File this under the heading, “Environmental Problems that I do Worry About. The collapse of honeybee colonies in Virginia this past winter was devastating. Reports the Daily Press:

Virginia lost 59.5 percent of its honeybee colonies last winter, nearly double the average rate for the past decade, according to the Virginia Department of Agriculture and Consumer Services.

The rate of loss was about double the loss for managed colonies nationally. Scientists still aren’t sure what the cause is, although they have proffered various theories: pesticides; habitat loss; a cooler, wetter climate this year; diseases such as Varroa mites and nosema infections that shorten the life of worker bees; even the proliferation of electromagnetic fields from electric lines and cell towers that interfere with navigation or suppress the immune system.

Honeybees are a keystone species. As pollinators, they facilitate the reproduction and survival of hundreds (perhaps thousands) of species of plants and the organisms that depend upon those plants. They are dying in record numbers, not only in North America but Europe.

At this stage, our scientific knowledge is so patchy that it’s difficult to suggest meaningful public policy initiatives. Virginia Tech is conducting some bee-related research but the focus is narrow, deciphering how honeybee “waggles” communicate the whereabouts of food to other bees. There are dozens of other initiatives around the country. Given the critical role of bees in the environment, and commercial crops in particular, it strikes me that the federal government, the states and land-grant universities should reallocate research dollars to bees from less pressing priorities.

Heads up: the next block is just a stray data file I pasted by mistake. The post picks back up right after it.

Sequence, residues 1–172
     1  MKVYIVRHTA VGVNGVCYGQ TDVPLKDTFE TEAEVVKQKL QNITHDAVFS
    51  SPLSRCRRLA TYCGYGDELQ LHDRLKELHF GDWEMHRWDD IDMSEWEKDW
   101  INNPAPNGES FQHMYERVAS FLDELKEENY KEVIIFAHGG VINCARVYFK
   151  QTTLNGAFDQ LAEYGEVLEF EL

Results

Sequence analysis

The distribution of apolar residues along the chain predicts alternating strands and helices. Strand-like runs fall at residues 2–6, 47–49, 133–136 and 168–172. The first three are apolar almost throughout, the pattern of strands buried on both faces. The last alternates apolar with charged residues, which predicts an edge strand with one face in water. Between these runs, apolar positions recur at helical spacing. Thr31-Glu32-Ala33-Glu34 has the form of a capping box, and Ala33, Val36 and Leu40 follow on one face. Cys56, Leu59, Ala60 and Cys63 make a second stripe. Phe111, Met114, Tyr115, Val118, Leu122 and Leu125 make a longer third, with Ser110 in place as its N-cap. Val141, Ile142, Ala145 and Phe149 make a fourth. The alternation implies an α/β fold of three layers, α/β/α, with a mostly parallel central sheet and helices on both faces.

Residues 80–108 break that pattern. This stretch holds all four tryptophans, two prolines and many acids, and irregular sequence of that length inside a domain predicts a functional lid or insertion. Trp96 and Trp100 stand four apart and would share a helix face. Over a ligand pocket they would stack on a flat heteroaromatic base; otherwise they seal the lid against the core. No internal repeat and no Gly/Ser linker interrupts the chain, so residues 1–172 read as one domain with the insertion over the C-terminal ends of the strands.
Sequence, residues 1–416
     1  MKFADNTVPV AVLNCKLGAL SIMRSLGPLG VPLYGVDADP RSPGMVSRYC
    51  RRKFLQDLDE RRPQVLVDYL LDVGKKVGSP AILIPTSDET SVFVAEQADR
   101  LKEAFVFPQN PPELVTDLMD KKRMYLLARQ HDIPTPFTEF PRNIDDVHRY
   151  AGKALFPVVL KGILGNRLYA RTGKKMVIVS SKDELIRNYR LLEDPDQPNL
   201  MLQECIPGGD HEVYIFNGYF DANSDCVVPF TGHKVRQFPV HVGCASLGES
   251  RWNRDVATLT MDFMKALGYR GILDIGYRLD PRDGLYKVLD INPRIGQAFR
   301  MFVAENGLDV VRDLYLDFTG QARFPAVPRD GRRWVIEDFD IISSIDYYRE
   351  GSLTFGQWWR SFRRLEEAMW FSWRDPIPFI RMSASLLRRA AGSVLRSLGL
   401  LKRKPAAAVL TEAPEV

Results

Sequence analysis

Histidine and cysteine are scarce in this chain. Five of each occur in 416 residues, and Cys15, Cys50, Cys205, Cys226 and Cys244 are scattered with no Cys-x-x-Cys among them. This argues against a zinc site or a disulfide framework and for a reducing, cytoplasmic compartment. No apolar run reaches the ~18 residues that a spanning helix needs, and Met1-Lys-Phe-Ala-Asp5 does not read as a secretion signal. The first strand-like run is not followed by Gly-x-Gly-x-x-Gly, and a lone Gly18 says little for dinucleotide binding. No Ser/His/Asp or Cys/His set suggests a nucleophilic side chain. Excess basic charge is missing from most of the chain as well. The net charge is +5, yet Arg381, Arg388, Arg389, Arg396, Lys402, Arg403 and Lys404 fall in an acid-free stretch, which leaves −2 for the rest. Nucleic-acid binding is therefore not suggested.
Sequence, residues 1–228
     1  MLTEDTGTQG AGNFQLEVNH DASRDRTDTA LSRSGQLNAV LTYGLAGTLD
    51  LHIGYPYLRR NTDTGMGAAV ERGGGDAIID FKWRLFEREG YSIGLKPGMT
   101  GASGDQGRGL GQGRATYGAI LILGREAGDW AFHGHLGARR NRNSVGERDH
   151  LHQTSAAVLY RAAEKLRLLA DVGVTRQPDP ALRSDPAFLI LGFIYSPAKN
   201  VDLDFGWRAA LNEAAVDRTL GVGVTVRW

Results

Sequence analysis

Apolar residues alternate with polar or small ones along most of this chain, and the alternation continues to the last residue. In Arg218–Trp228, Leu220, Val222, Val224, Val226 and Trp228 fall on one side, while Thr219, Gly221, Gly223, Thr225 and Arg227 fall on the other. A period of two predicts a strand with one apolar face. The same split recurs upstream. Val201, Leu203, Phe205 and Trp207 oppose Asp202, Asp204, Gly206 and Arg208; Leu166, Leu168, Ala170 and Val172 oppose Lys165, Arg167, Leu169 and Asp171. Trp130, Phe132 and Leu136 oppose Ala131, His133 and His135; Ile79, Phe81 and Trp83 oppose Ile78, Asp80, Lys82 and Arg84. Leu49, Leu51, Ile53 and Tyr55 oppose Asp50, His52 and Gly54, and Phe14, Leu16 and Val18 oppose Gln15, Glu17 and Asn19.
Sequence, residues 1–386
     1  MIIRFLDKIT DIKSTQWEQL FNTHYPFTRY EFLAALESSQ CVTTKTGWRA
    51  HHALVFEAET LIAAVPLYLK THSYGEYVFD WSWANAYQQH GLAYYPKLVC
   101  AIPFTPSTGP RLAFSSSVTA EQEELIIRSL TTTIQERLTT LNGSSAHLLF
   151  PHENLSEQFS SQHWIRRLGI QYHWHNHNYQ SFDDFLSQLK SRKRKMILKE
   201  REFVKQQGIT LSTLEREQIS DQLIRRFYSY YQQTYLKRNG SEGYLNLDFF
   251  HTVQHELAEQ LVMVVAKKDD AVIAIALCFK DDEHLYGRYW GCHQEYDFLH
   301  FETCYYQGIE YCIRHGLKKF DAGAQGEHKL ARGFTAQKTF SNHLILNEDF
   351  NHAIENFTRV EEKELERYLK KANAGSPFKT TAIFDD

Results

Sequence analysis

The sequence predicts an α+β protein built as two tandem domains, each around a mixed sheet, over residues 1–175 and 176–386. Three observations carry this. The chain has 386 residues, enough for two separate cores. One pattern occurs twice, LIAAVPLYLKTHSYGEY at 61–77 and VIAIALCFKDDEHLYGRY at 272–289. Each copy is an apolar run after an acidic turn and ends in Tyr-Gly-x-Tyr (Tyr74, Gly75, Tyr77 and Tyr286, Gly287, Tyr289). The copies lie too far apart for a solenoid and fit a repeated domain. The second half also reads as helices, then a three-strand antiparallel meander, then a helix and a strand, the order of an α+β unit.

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12 responses to “Save the Honeybees”

  1. I think they like cilantro. They are certainly in my backyard as much as I grow of it.
    No chemicals either.

  2. djrippert Avatar

    I had a honeybee hive under my deck all last spring, summer and fall. Some people said to kill them. Some said to find a beekeeper to remove the hive. In the end I decided to just leave it alone. There were a lot of bees coming and going but they seemed docile. By the end of last fall nobody had been stung. This spring I expected to see the bees reemerge. Nope. I guess my colony was one of the ones that died out.

    I do agree with Jim Bacon that die-offs of a large percentage of the honeybee colonies is potentially a major issue. Something is most definitely off.

  3. Neonicitinoid pesticides are the culprits getting the most attention these days as the likely cause of colony collapse disorder (CCD). The mites and fungal diseases appear to be a consequence of the weakened state of the bees from toxic chemical overload.

    Spikenard Honey Bee Sanctuary in Floyd, VA is one of the premier bee locations in the U.S. They have avoided problems with CCD while other beekeepers throughout the nation are reporting higher losses each year.

    But Spikenard’s bees are healthy because they live in a nourishing, chemical-free environment. They train a large number of people each year about how to raise healthy bees.

    This is an important issue that governments and universities should be involved with, but they are the organizations most supportive of chemical intensive agriculture. Huge political contributions and research dollars would be at risk if they showed the damage being done by all of the chemicals.

    For most categories of food processing: grains, beef, pork, and poultry, 80% or more of the total market is under the control of just 4 or 5 companies. With Bayer buying up Monsanto, over one-third of the world’s seeds and chemicals for agriculture will be controlled by one company.

    You can keep a population under control if you are in charge of the food supply. Chemical-intensive, controlled-environment growing (hydroponics) just received approval to be considered “Organic”.

    The independent farmers in small villages were a threat to the control of the French aristocracy. The word “villain” derives from the French word for those who lived in small villages. Newspeak (calling something the opposite of what it is to diminish it) started a long time ago. We are just better at it now with the help of social media.

    Jefferson thought that craftsmen and farmers with small landholdings were essential to maintaining freedom and democracy. As a farmer and scientist, he would be shocked to see what we are doing to the bees and our republic.

  4. LarrytheG Avatar

    so why do we believe the science when it says Honeybees are in trouble but don’t believe it when they say the climate is in trouble? Is there some way to figure out which science to believe? 😉